Eta Carinae is a star system 8,000 light years from the solar system. It contains a luminous blue hypergiant star which probably has about 100 times the mass of the sun and shines 4 million times more brightly. For those of you keeping tally, that gives the star approximately the same mass as 33 million earths!
Eta Carinae was originally cataloged by Edmond Halley in 1677 (hence its stylish Latin name) as a comparatively dim 4th magnitude star, however astronomers noticed that its brightness varied greatly over the decades. In 1827 it began to become significantly more luminous and by 1843 it was the second brightest star in the night sky (after Sirius, our next door stellar neighbor which is only 8.6 light years away). The star then dimmed down to the eighth magnitude—becoming invisible to the naked eye. Today it is believed that this strange occurrence was a supernova impostor event in which the star nearly exploded. Looking at Eta Carinae now through the Hubble telescope reveals two huge hemispheres of material ejected from the star. Scientists have named this cloud the Homunculus nebula and it is nearly a light year in diameter.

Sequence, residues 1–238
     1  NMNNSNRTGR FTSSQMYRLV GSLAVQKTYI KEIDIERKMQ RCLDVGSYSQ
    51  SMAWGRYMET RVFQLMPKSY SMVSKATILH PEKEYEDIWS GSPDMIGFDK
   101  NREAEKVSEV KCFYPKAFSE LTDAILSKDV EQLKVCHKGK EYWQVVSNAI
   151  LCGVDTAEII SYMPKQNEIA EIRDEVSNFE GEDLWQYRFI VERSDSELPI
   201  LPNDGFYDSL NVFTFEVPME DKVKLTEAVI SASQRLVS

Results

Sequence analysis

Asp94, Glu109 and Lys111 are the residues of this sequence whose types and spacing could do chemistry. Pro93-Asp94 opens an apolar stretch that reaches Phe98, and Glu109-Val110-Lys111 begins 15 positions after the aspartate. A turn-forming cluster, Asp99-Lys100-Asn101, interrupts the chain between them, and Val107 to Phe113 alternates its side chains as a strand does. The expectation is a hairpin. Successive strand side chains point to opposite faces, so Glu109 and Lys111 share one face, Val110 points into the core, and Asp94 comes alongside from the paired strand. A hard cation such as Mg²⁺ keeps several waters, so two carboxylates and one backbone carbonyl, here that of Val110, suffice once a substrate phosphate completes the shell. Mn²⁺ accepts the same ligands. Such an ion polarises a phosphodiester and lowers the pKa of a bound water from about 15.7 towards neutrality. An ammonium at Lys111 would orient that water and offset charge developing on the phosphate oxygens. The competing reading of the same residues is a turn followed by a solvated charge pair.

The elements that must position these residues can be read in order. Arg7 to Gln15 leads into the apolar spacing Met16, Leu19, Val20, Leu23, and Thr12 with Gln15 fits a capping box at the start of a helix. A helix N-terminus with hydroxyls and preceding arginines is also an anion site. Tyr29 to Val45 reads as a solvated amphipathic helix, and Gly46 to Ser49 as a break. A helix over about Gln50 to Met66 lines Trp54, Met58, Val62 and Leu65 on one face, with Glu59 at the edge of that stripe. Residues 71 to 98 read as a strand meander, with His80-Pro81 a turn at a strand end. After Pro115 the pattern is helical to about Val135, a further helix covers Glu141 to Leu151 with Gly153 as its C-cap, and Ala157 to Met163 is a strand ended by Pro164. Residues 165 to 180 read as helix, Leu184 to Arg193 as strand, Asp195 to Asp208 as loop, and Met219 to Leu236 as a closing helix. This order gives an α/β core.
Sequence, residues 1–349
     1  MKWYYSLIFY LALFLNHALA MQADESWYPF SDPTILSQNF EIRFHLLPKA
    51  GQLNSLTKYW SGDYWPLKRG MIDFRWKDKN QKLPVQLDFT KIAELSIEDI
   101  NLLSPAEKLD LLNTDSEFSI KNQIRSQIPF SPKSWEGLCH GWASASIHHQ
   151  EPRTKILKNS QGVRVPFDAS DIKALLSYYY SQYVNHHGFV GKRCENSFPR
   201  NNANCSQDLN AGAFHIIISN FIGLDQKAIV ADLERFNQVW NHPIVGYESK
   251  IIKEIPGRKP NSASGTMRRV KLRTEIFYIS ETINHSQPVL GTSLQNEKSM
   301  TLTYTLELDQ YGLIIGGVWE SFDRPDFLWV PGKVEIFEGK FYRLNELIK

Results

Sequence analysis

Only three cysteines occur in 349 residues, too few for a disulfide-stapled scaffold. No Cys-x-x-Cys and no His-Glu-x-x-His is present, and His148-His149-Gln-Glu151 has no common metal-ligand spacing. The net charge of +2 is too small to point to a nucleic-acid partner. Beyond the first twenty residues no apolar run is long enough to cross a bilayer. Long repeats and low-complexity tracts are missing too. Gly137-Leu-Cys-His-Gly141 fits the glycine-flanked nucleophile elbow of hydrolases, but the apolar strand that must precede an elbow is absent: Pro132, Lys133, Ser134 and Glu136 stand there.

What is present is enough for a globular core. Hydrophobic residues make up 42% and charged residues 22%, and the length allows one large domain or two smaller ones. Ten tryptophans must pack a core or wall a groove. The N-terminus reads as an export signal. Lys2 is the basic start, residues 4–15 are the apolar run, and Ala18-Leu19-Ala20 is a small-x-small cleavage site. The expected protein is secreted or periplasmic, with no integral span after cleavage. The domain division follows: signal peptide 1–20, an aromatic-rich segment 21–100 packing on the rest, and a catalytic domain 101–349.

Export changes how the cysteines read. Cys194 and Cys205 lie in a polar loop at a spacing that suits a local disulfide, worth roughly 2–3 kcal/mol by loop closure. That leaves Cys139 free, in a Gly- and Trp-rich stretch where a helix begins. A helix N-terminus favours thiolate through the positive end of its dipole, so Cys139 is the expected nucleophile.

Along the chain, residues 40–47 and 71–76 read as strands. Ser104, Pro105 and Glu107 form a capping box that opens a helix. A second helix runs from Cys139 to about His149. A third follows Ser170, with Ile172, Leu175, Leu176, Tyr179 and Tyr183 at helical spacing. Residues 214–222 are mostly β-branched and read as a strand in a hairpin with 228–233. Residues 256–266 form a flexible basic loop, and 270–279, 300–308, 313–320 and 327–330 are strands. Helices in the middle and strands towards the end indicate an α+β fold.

Stars as massive as Eta Carinae are very rare. At this stage of galactic development there are perhaps a dozen in a galaxy the size of the Milky Way (which contains 200 billion to 400 billion stars). Eta Carinae is probably fated to die in a hypernova explosion (an immense supernova event). A similar impostor event to Eta Carinae’s 1843 flare-up was witnessed on SN 2006jc, a star within galaxy UGC 4904 (perhaps you now appreciate the Latin and Arabic names of familiar nearby astronomical objects). SN 2006jc went hypernova two years after its impostor nova event. It is very possible that Eta Carinae no longer exists but was destroyed a long time ago. The light we see now is eight thousand years old. Who knows what happened since then?
When Eta Carinae goes hypernova it will destroy star systems nearby. Additionally, a massive gamma ray burst will shoot from both of its poles as its center collapses into a black hole. Any living, earth-like world caught in such a beam would be sterilized completely–although we are mercifully not currently in Eta Carinae’s polar vector…